In the meantime, please keep a regular eye on our respective websites for up to date information.
We, like all, want to see pupils back in schools as soon as possible, but this should only happen when it is proven safe to do so and parents are reassured to send their children into school.
Follow Unison Schools on Facebook for up to date news and information
Pictures from Southend UNISON’s event at the Civic Centre and some selfies by members – Remember the Dead and Fight for the Living.
We joined the national minute’s silence for key workers who have lost their lives and in support of all those who are in the front line, in the NHS, social care, transport, retail, post office and other sectors. They need our solidarity and proper protection. Thanks to all those who supported (despite the rain!) #IWMD2020 #PPEnow
If you work in a school or work for a contractor in a school, there is new advice from the government about continuity for contractors. Essentially, UNISON advises that schools should continue to pay all their contractors – and that contractors should pay their staff!
This information should be used to help ensure all staff keep their jobs and their pay during the Covid-19 crisis. The advice is detailed but can be shared with your employer to help clarify what is expected. Contact UNISON firstname.lastname@example.org if you want to discuss how this affects your school or your position as the employee of a contractor. Click here to see the government document in full.
To: Gavin Williamson
Secretary of State for Education
Dear Secretary of State,
As National Secretary of Education at UNISON, I am writing to you to raise concerns about the current support and advice that is being offered to school support staff and other education support workers during the Coronavirus crisis.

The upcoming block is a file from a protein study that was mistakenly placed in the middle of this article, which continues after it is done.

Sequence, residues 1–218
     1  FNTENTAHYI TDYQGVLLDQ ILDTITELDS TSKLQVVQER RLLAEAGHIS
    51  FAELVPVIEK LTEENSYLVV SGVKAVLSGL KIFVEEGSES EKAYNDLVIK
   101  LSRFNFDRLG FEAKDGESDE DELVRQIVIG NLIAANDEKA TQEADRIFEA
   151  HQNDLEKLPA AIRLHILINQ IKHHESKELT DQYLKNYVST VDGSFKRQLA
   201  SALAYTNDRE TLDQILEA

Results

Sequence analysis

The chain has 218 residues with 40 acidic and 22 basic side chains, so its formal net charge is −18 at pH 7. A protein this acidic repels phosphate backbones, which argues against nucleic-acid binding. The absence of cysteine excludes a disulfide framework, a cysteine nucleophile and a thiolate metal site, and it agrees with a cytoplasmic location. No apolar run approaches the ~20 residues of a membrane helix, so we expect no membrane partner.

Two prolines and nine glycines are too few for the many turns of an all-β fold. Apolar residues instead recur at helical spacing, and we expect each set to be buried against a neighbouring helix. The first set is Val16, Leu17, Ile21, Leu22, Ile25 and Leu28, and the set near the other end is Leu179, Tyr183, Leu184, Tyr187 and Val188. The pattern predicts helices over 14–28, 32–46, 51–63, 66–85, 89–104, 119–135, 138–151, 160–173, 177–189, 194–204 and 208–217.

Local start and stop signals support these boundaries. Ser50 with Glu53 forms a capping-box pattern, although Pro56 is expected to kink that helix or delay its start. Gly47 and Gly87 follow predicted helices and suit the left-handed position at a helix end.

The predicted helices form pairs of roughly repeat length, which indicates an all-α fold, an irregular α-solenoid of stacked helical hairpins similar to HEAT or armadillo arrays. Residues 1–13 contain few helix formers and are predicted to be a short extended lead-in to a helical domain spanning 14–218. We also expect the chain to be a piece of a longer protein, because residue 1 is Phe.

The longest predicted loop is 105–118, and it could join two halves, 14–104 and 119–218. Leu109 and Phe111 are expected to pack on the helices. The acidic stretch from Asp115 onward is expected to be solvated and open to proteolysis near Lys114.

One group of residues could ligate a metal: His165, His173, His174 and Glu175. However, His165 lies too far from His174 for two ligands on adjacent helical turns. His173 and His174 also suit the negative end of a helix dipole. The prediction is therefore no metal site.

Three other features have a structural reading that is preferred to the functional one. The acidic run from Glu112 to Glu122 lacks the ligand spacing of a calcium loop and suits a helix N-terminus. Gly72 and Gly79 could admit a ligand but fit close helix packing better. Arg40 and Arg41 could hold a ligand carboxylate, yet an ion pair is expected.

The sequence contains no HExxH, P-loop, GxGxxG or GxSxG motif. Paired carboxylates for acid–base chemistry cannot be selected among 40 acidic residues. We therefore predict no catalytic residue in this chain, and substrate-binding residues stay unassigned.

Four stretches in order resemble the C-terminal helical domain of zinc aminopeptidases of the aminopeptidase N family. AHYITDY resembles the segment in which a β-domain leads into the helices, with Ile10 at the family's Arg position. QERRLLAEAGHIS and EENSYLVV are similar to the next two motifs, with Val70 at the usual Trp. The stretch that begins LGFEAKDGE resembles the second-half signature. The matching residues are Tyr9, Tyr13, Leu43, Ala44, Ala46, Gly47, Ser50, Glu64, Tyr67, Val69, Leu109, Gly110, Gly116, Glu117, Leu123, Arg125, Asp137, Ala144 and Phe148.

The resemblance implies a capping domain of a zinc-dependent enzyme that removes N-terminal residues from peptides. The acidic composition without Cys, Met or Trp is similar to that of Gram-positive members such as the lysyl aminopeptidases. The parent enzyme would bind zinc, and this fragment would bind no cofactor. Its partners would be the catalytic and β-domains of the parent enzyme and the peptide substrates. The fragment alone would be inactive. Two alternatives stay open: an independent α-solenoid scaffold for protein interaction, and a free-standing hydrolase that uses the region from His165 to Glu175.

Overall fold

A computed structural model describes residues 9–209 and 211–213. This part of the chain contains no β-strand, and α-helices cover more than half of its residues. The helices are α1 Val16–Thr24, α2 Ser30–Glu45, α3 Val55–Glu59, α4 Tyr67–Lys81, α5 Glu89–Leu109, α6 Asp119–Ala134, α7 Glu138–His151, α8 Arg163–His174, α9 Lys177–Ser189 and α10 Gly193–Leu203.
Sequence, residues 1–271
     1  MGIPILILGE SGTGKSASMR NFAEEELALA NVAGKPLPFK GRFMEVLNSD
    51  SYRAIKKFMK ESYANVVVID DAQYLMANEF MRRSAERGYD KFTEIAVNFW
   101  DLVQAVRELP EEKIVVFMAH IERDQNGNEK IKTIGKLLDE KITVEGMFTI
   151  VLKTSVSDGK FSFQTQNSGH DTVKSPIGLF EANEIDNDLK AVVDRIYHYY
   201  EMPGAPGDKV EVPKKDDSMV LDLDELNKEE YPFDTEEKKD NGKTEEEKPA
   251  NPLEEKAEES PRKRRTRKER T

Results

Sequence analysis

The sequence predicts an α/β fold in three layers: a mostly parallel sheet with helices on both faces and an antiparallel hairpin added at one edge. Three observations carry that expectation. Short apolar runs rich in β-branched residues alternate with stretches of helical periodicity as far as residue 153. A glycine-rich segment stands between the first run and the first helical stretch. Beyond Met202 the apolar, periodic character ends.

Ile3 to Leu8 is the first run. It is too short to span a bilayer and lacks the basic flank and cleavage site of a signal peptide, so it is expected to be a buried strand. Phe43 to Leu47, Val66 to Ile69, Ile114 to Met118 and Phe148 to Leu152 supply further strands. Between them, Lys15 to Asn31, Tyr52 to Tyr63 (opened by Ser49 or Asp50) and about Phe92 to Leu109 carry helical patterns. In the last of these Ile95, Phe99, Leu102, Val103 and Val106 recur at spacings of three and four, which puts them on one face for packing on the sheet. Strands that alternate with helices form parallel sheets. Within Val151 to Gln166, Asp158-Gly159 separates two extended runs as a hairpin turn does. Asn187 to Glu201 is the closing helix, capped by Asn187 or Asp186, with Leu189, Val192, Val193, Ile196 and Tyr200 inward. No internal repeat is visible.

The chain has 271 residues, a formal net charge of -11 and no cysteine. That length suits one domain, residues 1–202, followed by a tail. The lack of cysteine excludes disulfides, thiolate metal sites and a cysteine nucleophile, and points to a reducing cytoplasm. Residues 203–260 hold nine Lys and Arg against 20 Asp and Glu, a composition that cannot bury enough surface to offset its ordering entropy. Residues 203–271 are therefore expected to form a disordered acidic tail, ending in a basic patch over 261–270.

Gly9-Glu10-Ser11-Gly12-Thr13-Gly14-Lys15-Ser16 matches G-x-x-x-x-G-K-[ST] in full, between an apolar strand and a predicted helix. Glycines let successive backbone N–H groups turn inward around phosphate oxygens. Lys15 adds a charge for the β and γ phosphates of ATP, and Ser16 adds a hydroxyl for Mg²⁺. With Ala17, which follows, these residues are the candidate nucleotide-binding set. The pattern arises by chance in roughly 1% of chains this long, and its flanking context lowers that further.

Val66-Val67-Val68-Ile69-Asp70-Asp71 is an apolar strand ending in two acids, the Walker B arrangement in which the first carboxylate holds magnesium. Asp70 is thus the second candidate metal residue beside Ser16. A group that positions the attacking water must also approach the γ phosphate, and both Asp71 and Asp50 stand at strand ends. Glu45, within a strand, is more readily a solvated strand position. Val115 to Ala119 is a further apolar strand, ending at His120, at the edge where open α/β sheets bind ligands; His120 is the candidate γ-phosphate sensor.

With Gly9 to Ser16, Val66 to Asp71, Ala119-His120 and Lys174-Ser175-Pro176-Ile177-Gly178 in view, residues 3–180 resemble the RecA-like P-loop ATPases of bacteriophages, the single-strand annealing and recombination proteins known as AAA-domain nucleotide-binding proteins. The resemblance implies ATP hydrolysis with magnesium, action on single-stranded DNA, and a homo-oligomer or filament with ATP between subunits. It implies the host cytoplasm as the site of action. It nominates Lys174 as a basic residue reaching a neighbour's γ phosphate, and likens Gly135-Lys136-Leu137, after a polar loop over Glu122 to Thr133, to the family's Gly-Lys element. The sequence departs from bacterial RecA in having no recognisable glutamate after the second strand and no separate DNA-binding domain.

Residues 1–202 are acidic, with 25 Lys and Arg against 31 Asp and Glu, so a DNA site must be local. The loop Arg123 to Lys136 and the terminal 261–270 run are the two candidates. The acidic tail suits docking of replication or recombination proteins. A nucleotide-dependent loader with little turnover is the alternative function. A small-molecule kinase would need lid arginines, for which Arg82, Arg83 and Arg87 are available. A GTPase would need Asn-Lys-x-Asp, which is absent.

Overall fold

Following your letter which was issued last week to Heads and Teachers, we are deeply concerned that this guidance is not clear or relatable to many other key workers who work in schools.
In the background, UNISON has been working closely with civil servants in the Department for Education to try to ensure that guidance being issued from the DfE works for all staff. We havestruggled at times to get our message across, but I recognise that they are very busy and
trying their best. In the circumstances UNISON has taken a pragmatic approach and not sought to undermine the Government at this time of crisis.
Sadly, far too many messages have excluded 50% of the workforce – school support staff and other education support workers. This was reflected in a speech you gave last week praising the contributions of heads and teachers and which you have now re-iterated in your letter to them.
You are right they are crucial – but so are support staff. In many schools and local authority hubs most staff working are support staff. Other schools are being totally run by heads and support staff. Support staff are putting themselves at risk by working directly with pupils, many of whom will have parents carrying out key worker roles which increases their risks of
exposure to the virus.
The most vulnerable pupils still in school usually respond best to their teaching assistants, and the nature of the care provided often means social distancing between support staff and pupils is impossible to implement, particularly in SEND settings.
We still await guidance around the use of PPE which the DfE has said it will provide. We know that there are videos on the use of PPE for NHS staff that explain what PPE is necessary inwhat situations and we believe this advice should be made widely available.
Many support staff have volunteered to ive up their Easter holidays, yet there has been no guidance on how this will work from your department and there are other issues that specifically affect support staff that have not been addressed.
Finally, I note that you have regularly spoken to Heads and teachers’ unions – but again not support staff representatives. UNISON’s top priority throughout has been, and will continue to be, to work jointly to support schools and their staff in their leading role in the fight against this
pandemic. In these circumstances we believe our different perspective should also be considered.
I would welcome your thoughts on why you and your department have so far ignored school and other education support staff and their representatives and what can be done to address this.
Support staff are now questioning whether we are all in it together after all.